Dick + Rick = Team Hoyt
Three years later in 1980, The Team Hoyt—as their partnership was later on named—entered and competed in the Marine Corps Marathon despite its not having categories for competitors like them. Together, they crossed the finish line in under two hours and 45 minutes. This qualified them to run the Boston Marathon.
In 1983, a stranger approached Team Hoyt and told them, “You are quite an athlete, you should consider a triathlon.” And Dick’s reply was, “Sure, as long as I can do it with Rick.” The following year, the same man said the same thing. However, this time the stranger replied back, “Okay, let’s figure out what special equipment you’ll need.” So Rick and Dick seriously thought about how they could actually compete in a triathlon event.
Team Hoyt Joins Triathlons
Their first Triathlon was a 10–mile run, a one–mile swim, and a 50–mile bike ride, to be held on Father’s Day, 1985. During the swimming part, Dick had Rick in an inflatable life raft that he towed behind him with a swimming belt and rope tied around his chest. For the bike ride, Rick was towed behind Dick in a makeshift cart. During the marathon, Rick was pushed in the specially made four–wheel running chair. Again they finished next to last; however, the experience bonded the father–and–son relationship between them. Soon after this, they competed in their first ever Hawaii Ironman Triathlon.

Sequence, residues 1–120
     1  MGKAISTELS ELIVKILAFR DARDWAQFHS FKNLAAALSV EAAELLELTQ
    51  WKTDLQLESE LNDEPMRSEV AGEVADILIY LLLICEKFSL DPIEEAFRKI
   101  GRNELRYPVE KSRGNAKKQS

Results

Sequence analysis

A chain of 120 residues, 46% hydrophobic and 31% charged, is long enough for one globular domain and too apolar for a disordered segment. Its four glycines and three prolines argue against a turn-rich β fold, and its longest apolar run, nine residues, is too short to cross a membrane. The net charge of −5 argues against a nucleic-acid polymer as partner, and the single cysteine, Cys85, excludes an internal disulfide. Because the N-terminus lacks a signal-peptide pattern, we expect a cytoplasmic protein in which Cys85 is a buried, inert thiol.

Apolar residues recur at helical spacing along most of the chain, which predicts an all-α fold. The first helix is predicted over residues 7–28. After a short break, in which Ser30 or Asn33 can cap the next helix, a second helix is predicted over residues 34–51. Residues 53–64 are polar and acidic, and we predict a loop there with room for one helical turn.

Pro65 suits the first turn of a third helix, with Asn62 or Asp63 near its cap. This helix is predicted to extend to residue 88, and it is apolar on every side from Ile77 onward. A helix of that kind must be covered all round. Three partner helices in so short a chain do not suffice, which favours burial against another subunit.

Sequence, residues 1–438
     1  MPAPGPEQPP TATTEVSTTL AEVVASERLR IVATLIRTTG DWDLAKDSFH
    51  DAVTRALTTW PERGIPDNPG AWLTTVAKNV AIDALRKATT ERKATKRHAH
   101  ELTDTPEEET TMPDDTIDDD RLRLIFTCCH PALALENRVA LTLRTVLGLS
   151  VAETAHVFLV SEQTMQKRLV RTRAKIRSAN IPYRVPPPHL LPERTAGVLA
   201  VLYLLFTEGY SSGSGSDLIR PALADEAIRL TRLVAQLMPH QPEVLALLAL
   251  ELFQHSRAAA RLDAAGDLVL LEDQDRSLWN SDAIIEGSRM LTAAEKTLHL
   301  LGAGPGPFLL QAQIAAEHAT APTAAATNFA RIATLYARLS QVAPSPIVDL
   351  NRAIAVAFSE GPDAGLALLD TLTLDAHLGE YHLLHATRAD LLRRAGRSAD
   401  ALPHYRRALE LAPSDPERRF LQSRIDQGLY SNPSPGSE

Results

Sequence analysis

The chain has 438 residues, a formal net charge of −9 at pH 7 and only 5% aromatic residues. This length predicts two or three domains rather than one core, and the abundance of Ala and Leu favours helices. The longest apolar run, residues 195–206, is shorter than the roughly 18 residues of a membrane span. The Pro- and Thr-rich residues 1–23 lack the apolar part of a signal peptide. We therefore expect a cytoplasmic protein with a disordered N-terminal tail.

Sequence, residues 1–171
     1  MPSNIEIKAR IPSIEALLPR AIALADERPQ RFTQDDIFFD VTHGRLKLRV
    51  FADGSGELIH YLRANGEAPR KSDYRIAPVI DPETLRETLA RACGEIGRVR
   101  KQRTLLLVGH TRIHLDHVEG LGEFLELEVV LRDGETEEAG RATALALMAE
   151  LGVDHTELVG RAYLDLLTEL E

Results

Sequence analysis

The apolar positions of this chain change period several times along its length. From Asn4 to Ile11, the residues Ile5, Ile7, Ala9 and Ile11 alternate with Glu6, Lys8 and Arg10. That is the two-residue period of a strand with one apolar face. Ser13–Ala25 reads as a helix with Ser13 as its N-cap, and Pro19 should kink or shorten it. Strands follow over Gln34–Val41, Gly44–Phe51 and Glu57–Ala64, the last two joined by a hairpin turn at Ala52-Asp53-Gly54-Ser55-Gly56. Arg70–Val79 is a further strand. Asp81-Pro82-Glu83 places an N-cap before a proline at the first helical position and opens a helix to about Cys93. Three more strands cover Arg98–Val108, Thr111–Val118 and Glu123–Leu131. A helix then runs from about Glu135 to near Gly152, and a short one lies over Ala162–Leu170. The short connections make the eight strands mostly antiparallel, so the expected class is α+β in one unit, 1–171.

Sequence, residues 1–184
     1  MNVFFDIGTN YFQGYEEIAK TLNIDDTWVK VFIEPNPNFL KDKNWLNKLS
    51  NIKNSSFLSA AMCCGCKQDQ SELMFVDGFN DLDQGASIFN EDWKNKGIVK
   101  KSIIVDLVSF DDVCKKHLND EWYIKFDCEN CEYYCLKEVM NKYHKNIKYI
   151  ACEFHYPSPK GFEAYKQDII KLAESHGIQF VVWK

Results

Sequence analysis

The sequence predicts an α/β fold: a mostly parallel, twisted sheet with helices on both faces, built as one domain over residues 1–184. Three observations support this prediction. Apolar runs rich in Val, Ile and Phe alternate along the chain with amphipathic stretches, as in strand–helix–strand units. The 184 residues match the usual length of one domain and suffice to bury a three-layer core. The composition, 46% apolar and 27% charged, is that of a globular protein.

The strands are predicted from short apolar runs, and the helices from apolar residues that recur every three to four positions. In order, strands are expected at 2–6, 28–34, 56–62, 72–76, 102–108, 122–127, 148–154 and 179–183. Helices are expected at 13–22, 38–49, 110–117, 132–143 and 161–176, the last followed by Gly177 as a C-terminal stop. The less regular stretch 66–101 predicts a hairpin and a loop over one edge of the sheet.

The Hawaii Ironman is an event that’s challenging even to the ablest of athletes. It involves a 2.4–mile swim, a 112–mile bike ride, followed by a marathon run. It is held in the Hawaiian Island of Kona where the heat is blistering.
Their 1997 Team Hoyt's first Hawaii Ironman attempt did not go according to plan. Dick struggled in the swimming part as he again towed Rick behind him in his inflatable raft and they failed to beat the deadline. However, Team Hoyt did not lose heart and they returned to compete in the 1988 Hawaiian Ironman. Their finish was epic and the crowd and triathlon community beamed when Team Hoyt crossed the finish line and celebrated their victory with deafening applause.
Their unrelenting efforts and unquestionable devotion were captured in film and became a source of inspiration to millions worldwide. They created a buzz throughout the tight triathlete community and also in the running clubs. People were simply amazed at what the father and son team had achieved.